Planet to have been named Xena but wasn't....
Detroit Free Press
18 March 2004
Arctic deity goes from ocean to sky
BY SUSAN AGER
FREE PRESS COLUMNIST
March 18, 2004
Naming a new object in the solar system is no more complicated than naming a dog. But more people care.
I learned that Tuesday when I called astronomer Michael Brown at Cal Tech to ask how the mini-planet he discovered way beyond Pluto came to be named Sedna, after an Inuit goddess of the sea.
Brown had worked 14 hours already, taking questions and kudos. But we spent a breezy half-hour chatting about his big discovery, a tiny orbiting sphere half the size of our moon that's rocky and icy and never warmer than
400 degrees below zero.
"The first rule," he said, "was that its name had to be pronounceable."
He and his collaborators, one from Connecticut and one from Hawaii, learned that rule two years ago when they named another distant hunk of rock, Quaoar. Quaoar (KWAH-o-ar) is the creative force revered by a tribe of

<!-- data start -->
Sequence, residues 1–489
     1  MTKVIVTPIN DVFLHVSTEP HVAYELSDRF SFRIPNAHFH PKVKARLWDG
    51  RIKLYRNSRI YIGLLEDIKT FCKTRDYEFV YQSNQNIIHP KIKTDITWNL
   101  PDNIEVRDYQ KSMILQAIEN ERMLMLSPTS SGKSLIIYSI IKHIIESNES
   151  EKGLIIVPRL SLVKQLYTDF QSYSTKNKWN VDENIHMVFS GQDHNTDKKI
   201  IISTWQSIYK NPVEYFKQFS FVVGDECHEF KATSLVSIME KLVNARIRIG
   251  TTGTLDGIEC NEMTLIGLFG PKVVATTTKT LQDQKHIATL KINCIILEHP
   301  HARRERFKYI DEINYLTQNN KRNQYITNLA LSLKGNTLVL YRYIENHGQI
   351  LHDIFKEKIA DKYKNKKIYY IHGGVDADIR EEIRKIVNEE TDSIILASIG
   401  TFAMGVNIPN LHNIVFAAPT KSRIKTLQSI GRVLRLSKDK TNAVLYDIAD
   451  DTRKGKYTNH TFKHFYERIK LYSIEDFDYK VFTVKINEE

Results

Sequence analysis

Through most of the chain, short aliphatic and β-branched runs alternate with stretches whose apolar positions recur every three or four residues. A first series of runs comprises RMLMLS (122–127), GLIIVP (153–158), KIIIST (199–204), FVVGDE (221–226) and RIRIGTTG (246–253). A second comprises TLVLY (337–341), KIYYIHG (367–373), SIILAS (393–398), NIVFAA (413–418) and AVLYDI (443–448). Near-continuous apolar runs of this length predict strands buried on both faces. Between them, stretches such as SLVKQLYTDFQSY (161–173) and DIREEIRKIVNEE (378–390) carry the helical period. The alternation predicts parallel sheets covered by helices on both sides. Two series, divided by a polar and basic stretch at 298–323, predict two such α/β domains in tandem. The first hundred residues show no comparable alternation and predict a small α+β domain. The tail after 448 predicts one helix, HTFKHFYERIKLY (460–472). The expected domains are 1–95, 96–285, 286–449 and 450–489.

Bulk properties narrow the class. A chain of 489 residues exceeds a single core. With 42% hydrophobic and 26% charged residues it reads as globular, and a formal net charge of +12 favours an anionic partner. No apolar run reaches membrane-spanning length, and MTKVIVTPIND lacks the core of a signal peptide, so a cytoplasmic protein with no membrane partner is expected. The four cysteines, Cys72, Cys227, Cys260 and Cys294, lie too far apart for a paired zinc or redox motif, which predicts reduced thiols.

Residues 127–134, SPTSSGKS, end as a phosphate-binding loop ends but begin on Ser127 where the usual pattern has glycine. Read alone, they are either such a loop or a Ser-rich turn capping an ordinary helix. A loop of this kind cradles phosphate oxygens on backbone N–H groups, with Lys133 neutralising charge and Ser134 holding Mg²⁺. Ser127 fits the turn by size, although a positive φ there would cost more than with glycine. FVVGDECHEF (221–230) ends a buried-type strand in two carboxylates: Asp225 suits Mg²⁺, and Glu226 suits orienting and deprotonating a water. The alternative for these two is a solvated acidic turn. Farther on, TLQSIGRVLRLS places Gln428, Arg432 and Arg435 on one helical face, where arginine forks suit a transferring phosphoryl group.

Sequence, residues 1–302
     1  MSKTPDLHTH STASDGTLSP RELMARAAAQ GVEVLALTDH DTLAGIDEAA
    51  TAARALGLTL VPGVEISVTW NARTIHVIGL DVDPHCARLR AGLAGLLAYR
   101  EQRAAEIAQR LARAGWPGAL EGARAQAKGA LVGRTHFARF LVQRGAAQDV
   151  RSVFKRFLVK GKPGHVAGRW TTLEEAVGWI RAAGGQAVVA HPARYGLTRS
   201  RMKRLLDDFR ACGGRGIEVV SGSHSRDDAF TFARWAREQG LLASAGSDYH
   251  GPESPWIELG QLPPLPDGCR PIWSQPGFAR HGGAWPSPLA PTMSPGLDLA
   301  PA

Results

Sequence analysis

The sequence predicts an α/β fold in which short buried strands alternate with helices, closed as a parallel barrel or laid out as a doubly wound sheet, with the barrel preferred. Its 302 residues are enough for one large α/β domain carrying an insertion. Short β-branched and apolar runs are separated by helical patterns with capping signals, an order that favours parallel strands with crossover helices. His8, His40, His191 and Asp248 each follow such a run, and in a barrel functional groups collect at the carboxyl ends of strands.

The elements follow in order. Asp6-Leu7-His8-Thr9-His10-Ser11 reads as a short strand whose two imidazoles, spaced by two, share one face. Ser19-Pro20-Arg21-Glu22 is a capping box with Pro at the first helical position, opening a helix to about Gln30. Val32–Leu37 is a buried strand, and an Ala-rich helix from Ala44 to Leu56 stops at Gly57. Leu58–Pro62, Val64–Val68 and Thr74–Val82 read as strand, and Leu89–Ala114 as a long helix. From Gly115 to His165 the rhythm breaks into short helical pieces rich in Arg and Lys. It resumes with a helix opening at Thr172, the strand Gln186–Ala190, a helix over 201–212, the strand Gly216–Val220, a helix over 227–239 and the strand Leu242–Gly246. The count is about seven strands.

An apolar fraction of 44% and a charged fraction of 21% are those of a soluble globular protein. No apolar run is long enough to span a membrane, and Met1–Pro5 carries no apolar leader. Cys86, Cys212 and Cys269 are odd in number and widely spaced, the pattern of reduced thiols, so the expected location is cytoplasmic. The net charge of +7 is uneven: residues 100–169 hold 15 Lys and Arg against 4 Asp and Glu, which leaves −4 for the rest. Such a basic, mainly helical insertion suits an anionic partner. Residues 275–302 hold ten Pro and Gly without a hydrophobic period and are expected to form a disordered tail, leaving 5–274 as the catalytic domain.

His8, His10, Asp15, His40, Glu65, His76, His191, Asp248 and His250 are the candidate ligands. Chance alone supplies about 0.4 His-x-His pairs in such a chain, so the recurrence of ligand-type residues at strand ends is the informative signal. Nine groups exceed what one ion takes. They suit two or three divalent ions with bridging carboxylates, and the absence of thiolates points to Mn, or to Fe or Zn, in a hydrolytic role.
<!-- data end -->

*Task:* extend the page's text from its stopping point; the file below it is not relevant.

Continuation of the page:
Southern California native Americans, "but they were the only ones who could say it."
The warrior planetoid Brown, who is 38, longed to name his new find Xena, after the campy mid-90s TV show about a warrior princess. In fact, between November, when the team first spotted the orbiting sphere, and this
week, when its discovery was announced, they called it by that name: Xena.
He doubted, though, that Xena would pass the review of the august International Astronomical Union, based in Paris. It requires planets be named for mythological -- not TV -- characters.
Because their find is so distant and cold, the team decided to look instead to the legends of some polar peoples.
"I thought Norse," said Brown. "I thought Inuit," formerly Eskimo. "There may well be more, but those were the two that came to mind. I prefer the idea of naming things more locally than not," he said, "and Inuit is my
local polar region."
I laughed and said, "Your local polar region?" He laughed and said, "Everybody has one."
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